I’ve Interviewed Over 300 Entrepreneurs–Here’s Their Most Counterintuitive Advice

Source | FastComapny : BY JENNA ABDOU

Three years ago I started a startup podcast because I thought founders were crazy. Why would a sane person willingly endure such intense risks? Part of my curiosity was personal: As a recent college grad just setting out to navigate the workforce, I wanted to understand how they coped with levels of uncertainty that felt to me, anyway, like a bag of bricks on my chest.

More than 300 interviews later, I’ve learned that the most successful entrepreneurs’ real strengths aren’t necessarily their product visions or executional abilities. Those certainly matter, but their habits and mind-sets might carry even more weight. And as I’ve discovered through all my conversations, those aren’t always what you might expect them to be. Here are four of their best, yet counterintuitive, bits of advice.


When Packagd founder and Kleiner Perkins partner Eric Feng seeks inspiration, he looks to tennis legend Roger Federer. “The thing I love about Federer is that there is nothing he doesn’t do well,” Feng told me. “He plays on all surfaces. He can serve, volley, hit a strong forehand and backhand.” That observation has inspired Feng to develop skills outside his cut-and-dried job description as a technical founder and the former CTO at Hulu and Flipboard.

“I don’t want to have a weakness–something I have to avoid because I can’t do it,” he says. “My day job at Flipboard was leading the engineering team, but I think the biggest contribution I made was working as an account manager on our Samsung partnership,” which he notes was a much more specialized undertaking.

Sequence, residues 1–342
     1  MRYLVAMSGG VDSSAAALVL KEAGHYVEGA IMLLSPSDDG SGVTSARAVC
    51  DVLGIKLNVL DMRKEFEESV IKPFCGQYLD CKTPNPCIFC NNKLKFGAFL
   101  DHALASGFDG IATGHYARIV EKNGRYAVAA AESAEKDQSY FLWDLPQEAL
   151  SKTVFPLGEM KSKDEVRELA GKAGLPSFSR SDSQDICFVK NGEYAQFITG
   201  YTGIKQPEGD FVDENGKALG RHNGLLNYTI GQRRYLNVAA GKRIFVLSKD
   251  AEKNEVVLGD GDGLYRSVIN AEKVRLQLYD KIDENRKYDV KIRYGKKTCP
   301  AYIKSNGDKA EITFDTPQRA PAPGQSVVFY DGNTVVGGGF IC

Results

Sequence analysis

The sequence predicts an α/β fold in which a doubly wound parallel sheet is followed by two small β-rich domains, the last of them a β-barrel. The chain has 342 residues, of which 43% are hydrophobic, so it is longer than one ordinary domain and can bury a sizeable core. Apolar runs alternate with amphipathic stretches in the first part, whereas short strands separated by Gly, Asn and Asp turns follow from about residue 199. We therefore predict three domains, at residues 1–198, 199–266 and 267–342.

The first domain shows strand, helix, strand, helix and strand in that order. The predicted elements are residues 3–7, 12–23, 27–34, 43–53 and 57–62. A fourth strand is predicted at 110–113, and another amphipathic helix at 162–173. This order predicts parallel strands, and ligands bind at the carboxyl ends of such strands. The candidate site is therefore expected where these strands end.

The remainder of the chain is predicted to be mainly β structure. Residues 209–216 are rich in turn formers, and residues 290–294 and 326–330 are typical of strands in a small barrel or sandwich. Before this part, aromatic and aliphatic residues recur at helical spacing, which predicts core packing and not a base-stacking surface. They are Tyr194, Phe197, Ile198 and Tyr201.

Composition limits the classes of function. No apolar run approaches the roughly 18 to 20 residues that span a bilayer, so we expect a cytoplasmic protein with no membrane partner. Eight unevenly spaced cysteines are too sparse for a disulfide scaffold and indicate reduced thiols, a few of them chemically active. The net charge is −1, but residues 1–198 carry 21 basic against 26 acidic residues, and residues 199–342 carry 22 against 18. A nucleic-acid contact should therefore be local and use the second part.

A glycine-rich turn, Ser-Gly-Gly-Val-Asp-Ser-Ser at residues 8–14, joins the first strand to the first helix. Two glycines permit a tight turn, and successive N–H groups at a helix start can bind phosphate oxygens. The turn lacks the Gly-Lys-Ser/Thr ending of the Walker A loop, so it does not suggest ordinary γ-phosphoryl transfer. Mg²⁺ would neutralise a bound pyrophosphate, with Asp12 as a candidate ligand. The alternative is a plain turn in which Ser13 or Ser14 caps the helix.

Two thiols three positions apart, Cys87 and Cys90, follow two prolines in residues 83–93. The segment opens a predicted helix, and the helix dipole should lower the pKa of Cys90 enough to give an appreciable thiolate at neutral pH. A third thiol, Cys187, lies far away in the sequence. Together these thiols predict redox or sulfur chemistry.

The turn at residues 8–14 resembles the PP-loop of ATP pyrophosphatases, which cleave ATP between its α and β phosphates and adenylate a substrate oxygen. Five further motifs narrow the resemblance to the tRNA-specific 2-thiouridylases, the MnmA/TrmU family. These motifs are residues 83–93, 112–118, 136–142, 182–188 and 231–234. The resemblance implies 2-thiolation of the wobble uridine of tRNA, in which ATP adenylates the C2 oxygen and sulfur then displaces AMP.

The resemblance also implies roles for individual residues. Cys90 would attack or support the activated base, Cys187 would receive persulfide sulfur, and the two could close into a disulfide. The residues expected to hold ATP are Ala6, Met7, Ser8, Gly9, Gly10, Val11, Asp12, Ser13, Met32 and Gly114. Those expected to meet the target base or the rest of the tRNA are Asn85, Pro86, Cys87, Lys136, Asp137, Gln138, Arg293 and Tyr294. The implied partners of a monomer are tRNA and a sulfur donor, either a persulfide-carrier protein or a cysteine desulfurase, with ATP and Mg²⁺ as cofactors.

Founders are eventually advised to stop wearing so many hats, to delegate so they can spend more time making strategic decisions. But Feng has never stopped immersing himself in new fields–identifying skill sets he lacks and devising clear plans to develop them. That may seem like a misuse of energy, but he’s found it has real hidden value.

“It’s particularly important to be an all-court player in startups because you never know how your company will change or where the biggest opportunity will lie,” Feng explains. That’s not just a temporary, early-stage thing, he believes, it’s a key part of the overall experience. “If you’re only specialized in one domain, you might miss it.”

So rather than sitting in on a design meeting, mock up a design and present it. If you’re trying to make some strategic decisions about your company’s customer support, respond to support emails for a month. The goal isn’t to observe a skill. It’s to practice it enough so, that if needed, you can perform it.

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